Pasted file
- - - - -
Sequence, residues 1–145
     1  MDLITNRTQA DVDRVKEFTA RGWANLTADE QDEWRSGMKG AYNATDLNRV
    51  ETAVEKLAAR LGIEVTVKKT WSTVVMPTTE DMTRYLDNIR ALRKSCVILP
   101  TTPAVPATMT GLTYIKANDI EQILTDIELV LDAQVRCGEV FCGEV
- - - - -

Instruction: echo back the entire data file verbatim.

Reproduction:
Sequence, residues 1–145
     1  MDLITNRTQA DVDRVKEFTA RGWANLTADE QDEWRSGMKG AYNATDLNRV
    51  ETAVEKLAAR LGIEVTVKKT WSTVVMPTTE DMTRYLDNIR ALRKSCVILP
   101  TTPAVPATMT GLTYIKANDI EQILTDIELV LDAQVRCGEV FCGEV